Prime Cable’s Primetime Player10/24/2009 2:00 AM Eastern
Robert Hughes, Founder, Prime Cable
Like many cable leaders, Robert Hughes didn’t exactly seek out a career in the business. But once involved, he became passionate about cable — and remains so, even into retirement.
“I stumbled into the business,” Hughes said. “It was blind luck.”
Hughes was working at venture-capital firm Texas Capital in 1968, when Jack Crosby and Fred Lieberman convinced him to join them in forming a new cable company, Communications Properties. By 1974. he was president of the firm and eventually grew the company into the No. 7 U.S. MSO, until it was sold to Times Mirror in 1979.
“Jack was then, and remains today, one of my closest friends and mentors,” Hughes said.
When Crosby told Hughes he was selling the company, Hughes sold his shares and started Prime Cable the next day. Hughes set out to become a significant player, concentrating his efforts in major metro areas.
By 1980, Prime operated systems in Atlanta, Houston, Chicago, Las Vegas and Anchorage, Alaska. Later, another major complex was acquired in suburban Washington, D.C.
By 1995, Prime was one of the eight largest cable companies, with more than 1 million subscribers in six states. Prime didn’t follow its brethren into the public markets, though: It remained privately held by its top managers.
“Bob never wanted to go public,” said Jerry Lindauer, who served as Prime Cable’s principal and partner. “We were all owners of the company and were given incentives to do well.”
Prime Cable built itself as “turnaround experts,” Lindauer said.
“We’d buy troubled systems, turn them around and then sell them,” he said.
Each system was financed separately and operated on a standalone basis. But by 1997, the MSO began dismantling, unloading its systems one by one until 2000, when every property had been sold.
“I decided it was time to get out,” Hughes said. “It was time to wipe my chips off the table.”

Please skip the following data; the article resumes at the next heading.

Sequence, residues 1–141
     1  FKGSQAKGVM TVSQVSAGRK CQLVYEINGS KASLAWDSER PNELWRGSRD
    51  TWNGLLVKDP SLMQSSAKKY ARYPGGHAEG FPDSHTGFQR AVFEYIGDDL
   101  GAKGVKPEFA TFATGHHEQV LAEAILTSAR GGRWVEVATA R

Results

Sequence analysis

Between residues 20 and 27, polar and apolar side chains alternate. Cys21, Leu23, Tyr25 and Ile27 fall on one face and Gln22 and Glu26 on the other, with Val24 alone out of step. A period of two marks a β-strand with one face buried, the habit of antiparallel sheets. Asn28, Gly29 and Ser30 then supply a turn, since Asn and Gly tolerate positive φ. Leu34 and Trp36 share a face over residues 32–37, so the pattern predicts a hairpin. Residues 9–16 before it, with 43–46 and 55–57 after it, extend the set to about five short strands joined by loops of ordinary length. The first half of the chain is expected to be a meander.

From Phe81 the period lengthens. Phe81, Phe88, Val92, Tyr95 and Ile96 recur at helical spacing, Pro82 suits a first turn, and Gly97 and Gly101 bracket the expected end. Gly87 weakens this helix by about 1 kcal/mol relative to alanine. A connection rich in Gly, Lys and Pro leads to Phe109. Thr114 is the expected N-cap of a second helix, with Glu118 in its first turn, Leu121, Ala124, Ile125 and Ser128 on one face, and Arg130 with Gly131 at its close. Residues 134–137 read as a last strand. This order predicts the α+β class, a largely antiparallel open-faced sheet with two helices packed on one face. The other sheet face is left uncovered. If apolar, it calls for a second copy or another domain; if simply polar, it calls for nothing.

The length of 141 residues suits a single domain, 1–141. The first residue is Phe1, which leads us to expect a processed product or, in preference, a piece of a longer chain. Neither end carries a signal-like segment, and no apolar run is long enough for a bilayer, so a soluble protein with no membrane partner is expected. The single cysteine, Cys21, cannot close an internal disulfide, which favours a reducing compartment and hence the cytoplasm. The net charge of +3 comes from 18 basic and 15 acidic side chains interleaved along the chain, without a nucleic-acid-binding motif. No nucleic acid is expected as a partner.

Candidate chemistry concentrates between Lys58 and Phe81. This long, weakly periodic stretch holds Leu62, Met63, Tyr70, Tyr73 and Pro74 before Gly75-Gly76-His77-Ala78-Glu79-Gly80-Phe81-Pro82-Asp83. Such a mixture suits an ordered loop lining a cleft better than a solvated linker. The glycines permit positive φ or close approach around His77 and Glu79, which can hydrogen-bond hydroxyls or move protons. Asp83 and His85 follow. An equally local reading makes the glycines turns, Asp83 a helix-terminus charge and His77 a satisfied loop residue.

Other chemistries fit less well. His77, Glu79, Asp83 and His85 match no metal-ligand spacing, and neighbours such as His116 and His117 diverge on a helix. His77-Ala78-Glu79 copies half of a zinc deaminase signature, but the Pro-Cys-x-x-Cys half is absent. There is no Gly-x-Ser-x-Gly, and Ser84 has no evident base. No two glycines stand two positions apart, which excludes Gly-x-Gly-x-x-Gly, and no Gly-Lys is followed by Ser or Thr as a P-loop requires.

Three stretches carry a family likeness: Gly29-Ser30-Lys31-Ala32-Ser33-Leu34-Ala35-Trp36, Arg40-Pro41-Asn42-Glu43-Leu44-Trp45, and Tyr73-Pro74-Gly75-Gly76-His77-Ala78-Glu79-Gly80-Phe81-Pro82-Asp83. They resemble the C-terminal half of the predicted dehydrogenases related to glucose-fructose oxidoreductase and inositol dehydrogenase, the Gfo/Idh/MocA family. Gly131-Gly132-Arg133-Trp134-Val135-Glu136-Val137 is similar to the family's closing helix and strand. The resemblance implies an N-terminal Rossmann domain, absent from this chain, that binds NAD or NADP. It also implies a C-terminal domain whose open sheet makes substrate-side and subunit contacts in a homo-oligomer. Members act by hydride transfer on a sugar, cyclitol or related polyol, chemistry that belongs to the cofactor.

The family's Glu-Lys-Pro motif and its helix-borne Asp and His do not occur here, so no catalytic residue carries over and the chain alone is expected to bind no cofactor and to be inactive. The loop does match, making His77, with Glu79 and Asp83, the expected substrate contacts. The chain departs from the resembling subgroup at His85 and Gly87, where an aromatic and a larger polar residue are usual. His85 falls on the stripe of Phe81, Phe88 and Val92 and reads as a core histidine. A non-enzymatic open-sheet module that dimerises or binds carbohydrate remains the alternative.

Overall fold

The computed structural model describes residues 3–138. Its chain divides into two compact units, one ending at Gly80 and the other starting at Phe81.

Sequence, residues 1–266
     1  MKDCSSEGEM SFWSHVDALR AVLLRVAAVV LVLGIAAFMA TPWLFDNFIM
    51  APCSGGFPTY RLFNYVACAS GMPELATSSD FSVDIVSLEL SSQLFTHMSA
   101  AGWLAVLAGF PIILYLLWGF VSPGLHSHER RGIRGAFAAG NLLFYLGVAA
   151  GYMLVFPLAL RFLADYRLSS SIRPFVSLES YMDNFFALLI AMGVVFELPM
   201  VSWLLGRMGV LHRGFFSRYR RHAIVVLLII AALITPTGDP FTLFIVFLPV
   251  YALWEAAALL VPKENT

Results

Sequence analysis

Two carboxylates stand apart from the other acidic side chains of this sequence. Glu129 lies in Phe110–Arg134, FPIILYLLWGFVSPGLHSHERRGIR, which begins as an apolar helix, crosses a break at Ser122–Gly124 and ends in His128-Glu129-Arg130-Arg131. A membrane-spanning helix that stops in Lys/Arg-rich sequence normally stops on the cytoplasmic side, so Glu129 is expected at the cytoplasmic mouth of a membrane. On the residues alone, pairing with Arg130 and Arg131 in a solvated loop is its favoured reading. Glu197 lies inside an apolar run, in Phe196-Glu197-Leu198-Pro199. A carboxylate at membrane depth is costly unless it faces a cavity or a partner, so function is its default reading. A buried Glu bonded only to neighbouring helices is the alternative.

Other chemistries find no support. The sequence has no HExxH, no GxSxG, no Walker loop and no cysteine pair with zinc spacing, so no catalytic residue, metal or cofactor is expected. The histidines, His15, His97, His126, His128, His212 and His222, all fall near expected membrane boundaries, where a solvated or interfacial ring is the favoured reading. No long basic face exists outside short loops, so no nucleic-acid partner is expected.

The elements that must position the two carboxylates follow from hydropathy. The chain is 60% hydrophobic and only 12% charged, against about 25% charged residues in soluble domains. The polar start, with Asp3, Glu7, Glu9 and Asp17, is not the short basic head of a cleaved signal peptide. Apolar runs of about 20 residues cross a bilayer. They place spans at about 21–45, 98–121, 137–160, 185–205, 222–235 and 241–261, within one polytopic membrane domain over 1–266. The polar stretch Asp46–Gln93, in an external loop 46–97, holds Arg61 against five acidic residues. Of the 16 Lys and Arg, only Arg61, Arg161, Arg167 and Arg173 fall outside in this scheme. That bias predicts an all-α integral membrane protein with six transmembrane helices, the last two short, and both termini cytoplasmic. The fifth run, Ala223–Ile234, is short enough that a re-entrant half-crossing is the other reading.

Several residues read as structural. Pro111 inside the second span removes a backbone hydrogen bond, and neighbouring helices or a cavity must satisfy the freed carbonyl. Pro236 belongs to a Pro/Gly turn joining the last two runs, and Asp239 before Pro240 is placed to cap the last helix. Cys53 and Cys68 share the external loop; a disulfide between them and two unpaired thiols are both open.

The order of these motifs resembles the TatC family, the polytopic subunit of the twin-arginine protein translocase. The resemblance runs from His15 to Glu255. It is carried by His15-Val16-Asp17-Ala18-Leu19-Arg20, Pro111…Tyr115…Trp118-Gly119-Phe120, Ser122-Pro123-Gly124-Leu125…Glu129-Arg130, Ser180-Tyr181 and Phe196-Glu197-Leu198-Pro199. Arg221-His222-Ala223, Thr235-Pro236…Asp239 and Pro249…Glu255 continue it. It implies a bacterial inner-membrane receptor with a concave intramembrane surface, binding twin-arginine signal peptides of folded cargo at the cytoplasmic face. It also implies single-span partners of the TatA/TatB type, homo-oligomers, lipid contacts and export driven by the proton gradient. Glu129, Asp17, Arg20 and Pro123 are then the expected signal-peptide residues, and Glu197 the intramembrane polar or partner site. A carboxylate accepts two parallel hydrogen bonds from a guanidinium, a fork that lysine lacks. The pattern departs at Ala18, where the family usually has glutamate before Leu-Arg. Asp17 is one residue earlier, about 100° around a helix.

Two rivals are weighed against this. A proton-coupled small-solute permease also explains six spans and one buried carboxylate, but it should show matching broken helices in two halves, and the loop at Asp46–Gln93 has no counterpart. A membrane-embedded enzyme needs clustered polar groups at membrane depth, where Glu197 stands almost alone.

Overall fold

But Prime’s management still remains close to this day. They keep offices in the same building and have jointly invested in a number of endeavors including @Security Broadband, founded by Lindauer and two other former Prime executives.
“If any one of us wants to invest in something, we always talk to each other first to see if any of us want to invest, too,” Hughes said.
The one investment that Hughes has a tinge of regret for was Grande Communications, an overbuilder formed in 1999. It wasn’t a bad company, but the investment did “ruffle a few of my brethren’s feathers,” he said.
Hughes was an investor in a venture-capital firm started by his Prime buddies, and one of the investments was Grande Communications. Some 18 months after that, Hughes agreed to serve as Grande’s chairman.
Hughes didn’t have any day-to-day responsibilities, “but if I had realized that it would upset some of my friends, who thought I had turned on the industry, I may have made a different decision,” he said. “I’m still a cable guy.”
He stepped down as chairman of Grande six years ago.
Hughes was an NCTA board member and served as chairman in 1978-79. He was also a founder and director of the original C-SPAN board in 1978.
Hughes currently serves on the board of directors of Aloha Partners, Diamond Ventures and Prime II Investments. Hughes and his wife, Gail, divide their time between homes in Austin, Texas, and Jackson Hole, Wyo.
“He is a great leader,” Lindauer said. “His strength lies in his demeanor. He is always calm and he never loses his cool.”